The new moon occurs on Tuesday (Nov. 26) at 10:06 a.m. EST (1506 GMT) — a day before Mercury reaches its highest point in the predawn sky and two days before our planet's natural satellite makes some close passes to Jupiter and Venus in the evening sky, according to NASA.
New moons occur when the moon is directly between the sun and Earth. About every 29.5 days the two bodies share the same celestial longitude, an alignment also called a conjunction. Celestial longitude is a projection of the Earth's longitude lines on the celestial sphere. During the new moon, if one draws a line from Polaris, the North Star due south toward the sun, that line also hits the moon.
New moons are invisible to ground-based observers (unless the moon passes directly in front of the sun, which creates a solar eclipse) because the sunlit side of the moon faces away from Earth. This New Moon won't be creating any eclipses, however.
While the November new moon is invisible, the early morning hours of Nov. 26 will have Mercury approaching its furthest point west of the sun, called greatest western elongation, according to skywatching site In-The-Sky.org.
On Nov. 26 from New York City, the planet will rise at 5:11 a.m. local time. The sun rises that day at 6:55 a.m., and civil twilight, the moment when the sun is 6 degrees below the horizon, occurs at 6:25 a.m. Mercury will be at magnitude -0.2, so it will be fading from view though still visible by then as the sky brightens. By about 6 a.m. it will be 8 degrees above the horizon, enough that with clear weather and an unobstructed view observers might catch it.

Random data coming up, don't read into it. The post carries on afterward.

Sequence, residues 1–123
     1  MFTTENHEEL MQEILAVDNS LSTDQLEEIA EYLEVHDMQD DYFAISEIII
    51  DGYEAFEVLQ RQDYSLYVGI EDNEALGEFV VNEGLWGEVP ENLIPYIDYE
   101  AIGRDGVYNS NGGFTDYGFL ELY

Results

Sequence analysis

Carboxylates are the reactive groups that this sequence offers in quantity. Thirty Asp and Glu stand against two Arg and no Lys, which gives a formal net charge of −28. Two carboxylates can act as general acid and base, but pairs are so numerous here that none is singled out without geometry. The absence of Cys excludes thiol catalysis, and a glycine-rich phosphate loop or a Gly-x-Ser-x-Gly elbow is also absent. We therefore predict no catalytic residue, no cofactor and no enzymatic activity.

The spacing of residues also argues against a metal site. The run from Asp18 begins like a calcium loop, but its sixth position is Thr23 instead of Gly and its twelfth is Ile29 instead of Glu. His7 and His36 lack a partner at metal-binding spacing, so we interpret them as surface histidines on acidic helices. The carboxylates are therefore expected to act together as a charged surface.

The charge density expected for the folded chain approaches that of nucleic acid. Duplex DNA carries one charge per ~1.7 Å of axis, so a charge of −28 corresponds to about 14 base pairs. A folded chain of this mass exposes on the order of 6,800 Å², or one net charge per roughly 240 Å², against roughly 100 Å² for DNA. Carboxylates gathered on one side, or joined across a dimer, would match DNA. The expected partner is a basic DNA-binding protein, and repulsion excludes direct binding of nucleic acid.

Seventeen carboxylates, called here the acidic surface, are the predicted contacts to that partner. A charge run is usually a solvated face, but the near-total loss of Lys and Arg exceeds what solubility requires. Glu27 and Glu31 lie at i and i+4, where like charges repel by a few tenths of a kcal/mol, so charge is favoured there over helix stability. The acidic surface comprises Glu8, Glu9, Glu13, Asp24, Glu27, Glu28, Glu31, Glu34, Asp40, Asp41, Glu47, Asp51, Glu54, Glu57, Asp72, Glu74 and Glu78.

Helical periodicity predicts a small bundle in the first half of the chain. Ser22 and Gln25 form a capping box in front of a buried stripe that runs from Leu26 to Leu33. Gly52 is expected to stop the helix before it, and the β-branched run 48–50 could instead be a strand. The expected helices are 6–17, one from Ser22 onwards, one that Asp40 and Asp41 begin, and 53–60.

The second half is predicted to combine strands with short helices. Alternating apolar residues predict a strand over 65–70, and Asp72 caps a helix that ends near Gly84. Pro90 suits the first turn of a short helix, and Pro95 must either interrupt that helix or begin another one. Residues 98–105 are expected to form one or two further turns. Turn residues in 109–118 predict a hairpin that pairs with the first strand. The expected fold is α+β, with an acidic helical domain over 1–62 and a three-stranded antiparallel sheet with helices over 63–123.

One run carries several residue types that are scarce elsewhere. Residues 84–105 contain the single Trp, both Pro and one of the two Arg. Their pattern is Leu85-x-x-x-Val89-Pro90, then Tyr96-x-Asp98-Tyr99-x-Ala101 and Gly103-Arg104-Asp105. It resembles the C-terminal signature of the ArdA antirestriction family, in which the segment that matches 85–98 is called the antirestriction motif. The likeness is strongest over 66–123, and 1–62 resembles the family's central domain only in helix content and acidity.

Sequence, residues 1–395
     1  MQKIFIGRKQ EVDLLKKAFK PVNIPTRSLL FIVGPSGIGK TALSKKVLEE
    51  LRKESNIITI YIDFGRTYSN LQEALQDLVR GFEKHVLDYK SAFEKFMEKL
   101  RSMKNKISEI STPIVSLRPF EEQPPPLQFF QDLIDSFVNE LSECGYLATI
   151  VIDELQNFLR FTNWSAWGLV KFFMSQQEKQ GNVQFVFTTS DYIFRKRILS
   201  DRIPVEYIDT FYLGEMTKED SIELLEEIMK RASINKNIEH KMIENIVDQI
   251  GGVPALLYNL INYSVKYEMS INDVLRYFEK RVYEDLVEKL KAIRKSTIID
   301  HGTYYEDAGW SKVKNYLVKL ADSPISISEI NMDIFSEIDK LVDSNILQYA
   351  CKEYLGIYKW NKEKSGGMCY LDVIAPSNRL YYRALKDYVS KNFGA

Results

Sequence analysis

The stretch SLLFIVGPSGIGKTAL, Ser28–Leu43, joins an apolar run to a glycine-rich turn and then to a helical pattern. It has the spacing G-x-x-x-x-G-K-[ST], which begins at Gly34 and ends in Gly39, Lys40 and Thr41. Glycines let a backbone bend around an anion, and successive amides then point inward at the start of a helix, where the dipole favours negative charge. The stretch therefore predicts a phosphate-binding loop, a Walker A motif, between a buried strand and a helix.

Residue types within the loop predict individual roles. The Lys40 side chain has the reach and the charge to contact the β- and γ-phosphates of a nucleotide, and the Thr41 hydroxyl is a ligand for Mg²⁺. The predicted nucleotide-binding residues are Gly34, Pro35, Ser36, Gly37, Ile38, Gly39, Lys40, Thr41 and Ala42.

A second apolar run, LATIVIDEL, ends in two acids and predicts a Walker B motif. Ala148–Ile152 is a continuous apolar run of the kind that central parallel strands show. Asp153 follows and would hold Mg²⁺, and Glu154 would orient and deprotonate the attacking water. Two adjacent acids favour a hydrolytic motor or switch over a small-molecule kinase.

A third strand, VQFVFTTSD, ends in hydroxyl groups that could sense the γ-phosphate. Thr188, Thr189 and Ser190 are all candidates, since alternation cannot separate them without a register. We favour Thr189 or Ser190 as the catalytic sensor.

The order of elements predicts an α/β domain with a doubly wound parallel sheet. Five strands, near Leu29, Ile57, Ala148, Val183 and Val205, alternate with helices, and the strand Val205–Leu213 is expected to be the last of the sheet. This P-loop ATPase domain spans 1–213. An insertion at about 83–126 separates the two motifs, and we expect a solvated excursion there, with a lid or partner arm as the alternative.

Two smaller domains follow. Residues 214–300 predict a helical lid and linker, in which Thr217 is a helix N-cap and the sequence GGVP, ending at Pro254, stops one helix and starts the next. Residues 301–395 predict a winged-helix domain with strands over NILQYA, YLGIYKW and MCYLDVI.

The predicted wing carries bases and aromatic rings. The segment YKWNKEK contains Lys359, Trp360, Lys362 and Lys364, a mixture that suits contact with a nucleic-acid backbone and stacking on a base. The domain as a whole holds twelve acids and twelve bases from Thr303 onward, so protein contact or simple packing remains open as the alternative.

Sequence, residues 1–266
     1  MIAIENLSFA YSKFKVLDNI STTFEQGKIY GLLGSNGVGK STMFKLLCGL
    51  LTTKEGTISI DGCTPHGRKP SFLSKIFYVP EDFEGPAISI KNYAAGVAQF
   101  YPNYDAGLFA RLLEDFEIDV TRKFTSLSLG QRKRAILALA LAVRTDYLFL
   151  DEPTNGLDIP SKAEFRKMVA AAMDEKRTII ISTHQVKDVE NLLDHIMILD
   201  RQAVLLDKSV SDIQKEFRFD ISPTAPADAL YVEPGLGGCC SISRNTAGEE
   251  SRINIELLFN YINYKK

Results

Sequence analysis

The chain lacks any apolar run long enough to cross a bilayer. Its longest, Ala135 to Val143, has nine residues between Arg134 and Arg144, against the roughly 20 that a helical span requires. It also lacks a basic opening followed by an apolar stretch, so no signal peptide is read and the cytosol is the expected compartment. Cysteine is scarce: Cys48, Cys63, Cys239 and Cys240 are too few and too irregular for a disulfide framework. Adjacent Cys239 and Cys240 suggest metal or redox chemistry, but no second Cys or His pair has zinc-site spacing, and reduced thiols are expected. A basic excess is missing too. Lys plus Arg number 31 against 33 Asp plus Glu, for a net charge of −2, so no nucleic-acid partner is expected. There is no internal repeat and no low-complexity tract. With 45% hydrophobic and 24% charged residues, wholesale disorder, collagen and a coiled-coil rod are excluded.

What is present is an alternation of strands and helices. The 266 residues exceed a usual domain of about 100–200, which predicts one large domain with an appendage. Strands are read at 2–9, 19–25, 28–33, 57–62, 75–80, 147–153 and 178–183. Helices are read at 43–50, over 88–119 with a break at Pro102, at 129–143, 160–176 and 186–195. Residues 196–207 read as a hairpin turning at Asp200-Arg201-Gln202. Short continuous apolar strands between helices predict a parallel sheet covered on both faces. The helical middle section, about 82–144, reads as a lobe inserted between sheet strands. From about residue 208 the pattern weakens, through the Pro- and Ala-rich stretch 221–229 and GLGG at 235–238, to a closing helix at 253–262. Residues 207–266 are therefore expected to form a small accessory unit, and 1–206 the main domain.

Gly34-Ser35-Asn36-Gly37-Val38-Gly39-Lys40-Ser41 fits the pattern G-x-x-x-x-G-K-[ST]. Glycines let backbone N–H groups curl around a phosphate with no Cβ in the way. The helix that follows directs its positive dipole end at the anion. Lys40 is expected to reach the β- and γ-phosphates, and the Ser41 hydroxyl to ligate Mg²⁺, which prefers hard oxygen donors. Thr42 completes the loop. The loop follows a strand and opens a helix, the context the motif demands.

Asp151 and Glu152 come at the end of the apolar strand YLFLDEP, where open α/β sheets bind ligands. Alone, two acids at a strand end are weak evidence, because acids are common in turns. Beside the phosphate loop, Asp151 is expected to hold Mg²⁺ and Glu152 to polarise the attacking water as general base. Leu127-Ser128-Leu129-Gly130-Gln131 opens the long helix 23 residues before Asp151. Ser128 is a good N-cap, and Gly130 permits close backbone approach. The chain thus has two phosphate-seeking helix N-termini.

Two days later, on Nov. 28, when Mercury is at greatest western elongation, it rises at 5:13 a.m., and by 6 a.m. will be about 8 degrees above the horizon once again. Perhaps the best time to catch Mercury will be a day before the new moon — on Nov. 25 the planet will be a full 17 degrees above the horizon at sunrise, and will rise at 5:13 a.m., according to calculations from heavens-above.com.
Perhaps the best place to try and spot Mercury from is near the equator; in Quito, for example, the sun rises on both Nov. 26 and Nov. 28 at 5:57 a.m. local time, and Mercury rises at 4:42 a.m. and 4:41 a.m. About a half hour before sunrise the planet is at about 13 degrees above the horizon; the local times will be roughly the same at any locations near Quito's latitude.